My Celiac Disease is “Contagious”
How can celiac disease be contagious? It is an autoimmune disease. You can’t “catch” celiac disease, but the number of people with celiac disease is rising. Why?
When I moved back to California15 years ago, neither celiac disease nor the word gluten was a part of pop culture. Now the term “gluten-free” rolls off the tongues of babes without a stutter. Other than my family members, I was the only person with celiac disease that I knew. That changed quickly.
When my daughter started preschool, I was far from shy about trying to gently teach the people at school how to accommodate her. Within the first year of our arrival, two people at the school were diagnosed with celiac disease. Then off to elementary school, the kids went, followed by more discussions with teachers and staff, and two more schoolmates diagnosed. Next in line for a celiac diagnosis was a new friend who had asked me why I wasn’t eating the pizza they all were sharing. The conversation went from there. Then it was a friend of a friend. It was spreading! People were asking what was going on in my town. They told me I must be contagious.
Folks started avoiding me, walking the other way when I came towards them. They started wearing masks. Oh wait, that is the wrong story. In all seriousness, what was going on?
Celiac disease is an autoimmune condition and is not infectious. It can’t spread from person to person. But, the information I was sharing about celiac disease was contagious. The awareness was contagious. Awareness is one reason for the increase in celiac disease. Let’s look at some others.
More Celiac Disease Today
5 possible reasons
In 2003, a study was published that drastically changed how we view celiac disease. Prior to this study, doctors were taught that celiac disease was rare. That it was only was found in 1/10,000 people. The 2003 study proved celiac disease was common, showing up in 1/133 people. Today we know that number is closer to 1/100. That means 3.2 million people in the United States alone, have celiac disease. Unfortunately, only 17 percent of them are diagnosed. That leaves 2.6 million people in the US with celiac disease, that don’t know they have it. It is either misdiagnosed as something else or the symptoms are being normalized by the person with it.
When symptoms go on for prolonged periods, people accept them as normal. If they aren’t on a gluten-free diet because they don’t know they have celiac disease, they are at risk for dangerous consequences. This news is even more distressing because it is a disease that is treatable by diet alone.
In 1997 one of the tests used today to screen for celiac disease was developed. It was faster, cheaper and more accurate than prior tests. This made testing easier and more readily available.
Armed with new information that celiac disease was not rare, doctors started considering celiac more frequently in their patients. The research was also showing that celiac disease doesn’t only cause stomach problems. It can present as headaches, nerve problems, joint pain, anxiety, depression, and more. Celiac disease can show up as any of these symptoms with no GI problems at all! Only 30 percent of people with celiac disease actually have GI symptoms at diagnosis..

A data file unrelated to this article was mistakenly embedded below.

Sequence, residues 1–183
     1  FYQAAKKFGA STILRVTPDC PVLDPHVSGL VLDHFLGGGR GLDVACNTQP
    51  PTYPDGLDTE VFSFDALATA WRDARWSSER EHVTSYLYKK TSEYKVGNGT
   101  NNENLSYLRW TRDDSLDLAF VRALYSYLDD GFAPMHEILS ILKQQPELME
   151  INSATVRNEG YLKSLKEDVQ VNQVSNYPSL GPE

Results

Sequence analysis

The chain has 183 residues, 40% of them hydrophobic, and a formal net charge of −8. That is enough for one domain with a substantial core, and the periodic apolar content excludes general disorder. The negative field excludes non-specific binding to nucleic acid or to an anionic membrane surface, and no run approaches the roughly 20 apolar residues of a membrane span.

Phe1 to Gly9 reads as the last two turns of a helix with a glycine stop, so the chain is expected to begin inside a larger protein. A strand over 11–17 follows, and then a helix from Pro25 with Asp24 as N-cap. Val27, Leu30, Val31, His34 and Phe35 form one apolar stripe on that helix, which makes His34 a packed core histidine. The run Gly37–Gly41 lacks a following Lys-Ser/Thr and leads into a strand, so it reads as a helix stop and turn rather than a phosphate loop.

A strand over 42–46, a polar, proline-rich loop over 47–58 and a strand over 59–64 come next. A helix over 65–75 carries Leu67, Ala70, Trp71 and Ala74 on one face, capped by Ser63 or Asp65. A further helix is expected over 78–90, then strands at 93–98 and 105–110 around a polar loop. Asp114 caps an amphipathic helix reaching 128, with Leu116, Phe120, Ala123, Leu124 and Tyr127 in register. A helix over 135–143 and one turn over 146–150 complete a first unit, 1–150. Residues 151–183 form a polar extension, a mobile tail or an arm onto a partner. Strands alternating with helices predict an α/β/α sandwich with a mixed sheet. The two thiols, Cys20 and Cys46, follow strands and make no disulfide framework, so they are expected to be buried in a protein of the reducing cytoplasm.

Education is still lacking in medical schools. Health care providers still do not know the extensive variety of celiac symptoms. It is rarely considered by doctors without the presence of GI symptoms. This needs to change. Please feel free to send your health care provider the following article if you would like them to learn more.
Increase in Celiac Disease
The incidence of celiac disease is increasing, in line with other autoimmune conditions. The number of cases is rising even when factors such as increased testing and awareness are taken into account.
I have to attribute my “contagiousness” to awareness. Talking to schools, my friends, and their friends is a form of awareness. I also started working with the Celiac Community Foundation of Northern California on an awareness campaign in the San Francisco Bay Area in 2007. We were educating the public and health care providers on the topic of celiac disease and gluten/wheat-related disorders. I have to hope that my conversations with people and our awareness campaigns made a difference.
Researchers,non-profit groups, support groups, bloggers, influencers, and the general public, all play a role in increased awareness. If you or a loved one have celiac disease, every time you teach someone how to cook for you, talk to a chef or manager about your needs, you are educating someone. Your child may be their teacher’s first “celiac kid” but they won’t be the last. If we all speak up, speak kindly and advocate, the numbers of undiagnosed will decrease. Be vocal, be kind and teach the world about celiac disease.
Still, Work To Do
There is still much work to be done. Remember, estimates predict 2.6 million people in the U.S.have celiac disease and don’t know it. Share your knowledge about celiac disease. Let’s increase the rate of diagnosis. You might be contagious too.
THIS ARTICLE IS COPYRIGHTED BY AMY BURKHART, MD, RD.
Dr. Amy Burkhart is a doctor (M.D.), Registered Dietitian, R.D., and fellowship-trained in integrative medicine. She specializes in treating chronic digestive disorders from an integrative/functional medicine perspective. She is a specialist In celiac disease and gluten/wheat-related disorders.